EDITORIAL: Memorial Day

Each year we honor those who have fought and died for America in wars here and around the world. There have been many wars, great and small. There have been all too many dead. 

While we remember, we also embrace hope that war could just be that, a memory. Sadly, we seem unable to get beyond hope. War seems to be a constant in our world though, right now, and happily, not in America's immediate world.

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But the wider world is witnessing war - the formal army against army kind, and the version that pits armies and mercenaries against innocent and helpless civilians.

In the former context, the obvious headliner is the war in Ukraine - and against Ukraine. 

If we take a world view on Memorial Day we have to remember all those Ukrainians who have died and have been injured defending their country in uniform. We also remember the civilians who have died, the elderly and children among them.

Should we remember the young Russian men who have died, tens of thousands of them sacrificed on the altar of Vladimir Putin's megalomania? 

We should. They, too, are victims of individuals and forces beyond their control. There are countless grieving families in Russia.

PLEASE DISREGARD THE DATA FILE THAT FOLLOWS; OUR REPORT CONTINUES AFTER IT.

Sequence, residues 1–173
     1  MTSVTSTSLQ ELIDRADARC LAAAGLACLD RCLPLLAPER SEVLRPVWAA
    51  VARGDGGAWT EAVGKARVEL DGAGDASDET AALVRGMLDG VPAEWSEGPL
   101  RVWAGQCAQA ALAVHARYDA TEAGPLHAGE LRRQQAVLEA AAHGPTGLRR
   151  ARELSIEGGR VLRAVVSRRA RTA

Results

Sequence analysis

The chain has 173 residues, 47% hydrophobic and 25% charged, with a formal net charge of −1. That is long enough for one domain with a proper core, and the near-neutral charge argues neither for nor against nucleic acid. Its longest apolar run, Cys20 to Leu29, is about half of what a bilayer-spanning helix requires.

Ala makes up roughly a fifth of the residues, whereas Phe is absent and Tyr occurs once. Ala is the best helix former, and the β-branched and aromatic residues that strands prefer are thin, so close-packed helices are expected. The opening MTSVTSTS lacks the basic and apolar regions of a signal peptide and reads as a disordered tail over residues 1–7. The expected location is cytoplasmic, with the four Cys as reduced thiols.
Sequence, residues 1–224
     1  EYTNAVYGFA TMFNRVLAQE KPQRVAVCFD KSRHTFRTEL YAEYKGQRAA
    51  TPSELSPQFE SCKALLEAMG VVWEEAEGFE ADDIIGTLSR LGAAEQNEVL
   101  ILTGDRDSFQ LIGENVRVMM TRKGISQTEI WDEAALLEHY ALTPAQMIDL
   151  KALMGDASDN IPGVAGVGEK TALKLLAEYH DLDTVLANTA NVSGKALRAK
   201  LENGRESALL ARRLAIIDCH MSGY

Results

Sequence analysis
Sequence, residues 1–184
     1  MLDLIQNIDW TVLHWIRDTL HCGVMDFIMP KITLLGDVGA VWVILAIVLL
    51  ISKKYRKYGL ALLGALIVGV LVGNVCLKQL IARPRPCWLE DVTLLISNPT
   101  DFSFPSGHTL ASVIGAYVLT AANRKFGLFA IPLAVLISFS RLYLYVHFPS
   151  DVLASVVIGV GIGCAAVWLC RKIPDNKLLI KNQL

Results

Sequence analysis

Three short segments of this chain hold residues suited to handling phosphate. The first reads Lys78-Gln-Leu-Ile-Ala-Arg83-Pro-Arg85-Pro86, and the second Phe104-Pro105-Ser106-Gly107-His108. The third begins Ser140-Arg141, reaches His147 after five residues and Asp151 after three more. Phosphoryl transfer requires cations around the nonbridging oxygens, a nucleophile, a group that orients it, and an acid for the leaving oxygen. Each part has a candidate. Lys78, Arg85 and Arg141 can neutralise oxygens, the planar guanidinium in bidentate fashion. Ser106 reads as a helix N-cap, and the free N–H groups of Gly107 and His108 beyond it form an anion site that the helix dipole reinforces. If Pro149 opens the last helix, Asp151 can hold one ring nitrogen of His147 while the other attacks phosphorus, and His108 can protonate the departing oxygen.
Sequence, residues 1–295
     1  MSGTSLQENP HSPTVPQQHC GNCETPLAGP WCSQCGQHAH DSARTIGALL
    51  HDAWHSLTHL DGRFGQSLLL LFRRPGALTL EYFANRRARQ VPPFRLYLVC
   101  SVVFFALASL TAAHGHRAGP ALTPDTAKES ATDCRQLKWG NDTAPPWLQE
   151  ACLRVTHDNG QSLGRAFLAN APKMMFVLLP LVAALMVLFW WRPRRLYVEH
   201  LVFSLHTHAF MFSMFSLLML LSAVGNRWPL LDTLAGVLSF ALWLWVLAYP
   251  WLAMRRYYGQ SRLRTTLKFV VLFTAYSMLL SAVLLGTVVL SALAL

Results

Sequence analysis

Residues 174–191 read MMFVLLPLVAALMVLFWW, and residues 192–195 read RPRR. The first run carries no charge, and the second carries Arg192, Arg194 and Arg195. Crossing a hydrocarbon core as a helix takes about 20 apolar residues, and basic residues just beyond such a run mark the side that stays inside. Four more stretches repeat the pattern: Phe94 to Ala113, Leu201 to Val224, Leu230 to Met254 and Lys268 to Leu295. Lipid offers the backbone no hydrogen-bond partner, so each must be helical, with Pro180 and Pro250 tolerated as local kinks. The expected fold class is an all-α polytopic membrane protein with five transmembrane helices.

Without a hint of irony, Vladimir Putin recently marked the sacrifice of his people against the Nazis in World War Two. Without a hint of irony, compassion, guilt. Gerry O'Shea, in his column, writes about the "Banality of Evil." Putin is a standout example.

War is fought, won and lost, and often regretted, when it is too late. Memorial Day (first named "Decoration Day") followed America's Civil War and it was intended to commemorate both the Union and Confederate dead. It was, and would be, a day of healing as well as remembrance.

In an Irish context we are well aware that Irish immigrants and many of Irish descent fought on both sides in the Civil War. They faced each other eye to eye and musket to musket at battles such as Antietam, Fredericksburg, and Gettysburg. 

War itself for sure knows irony. And so much more.

The Irish of course, have fought in all of America's wars when America was one side, its own side. We remember the Sullivan Brothers from World War II. We remember others such as Patrick Gallagher, who died in Vietnam, rests in his native Mayo, and in whose name a U.S. Navy ship is currently being built in Maine. We remember Corporal Patrick Sheahan, who died in Korea and rests in County Kerry.

When we say "Irish" we of course mean it in the broader term of Irish-born and Irish American.

As we remember this year, as we honor those who have given, to borrow from Lincoln, the full measure of their devotion, we must also consider war in the present, and how best to avoid it in the future.

There is all too much war in the present, most especially in Ukraine. We can only hope for an end to it sooner rather than later, a just and lasting end.

In the meantime, on Monday, May 29, we look back, we remember and memorialize.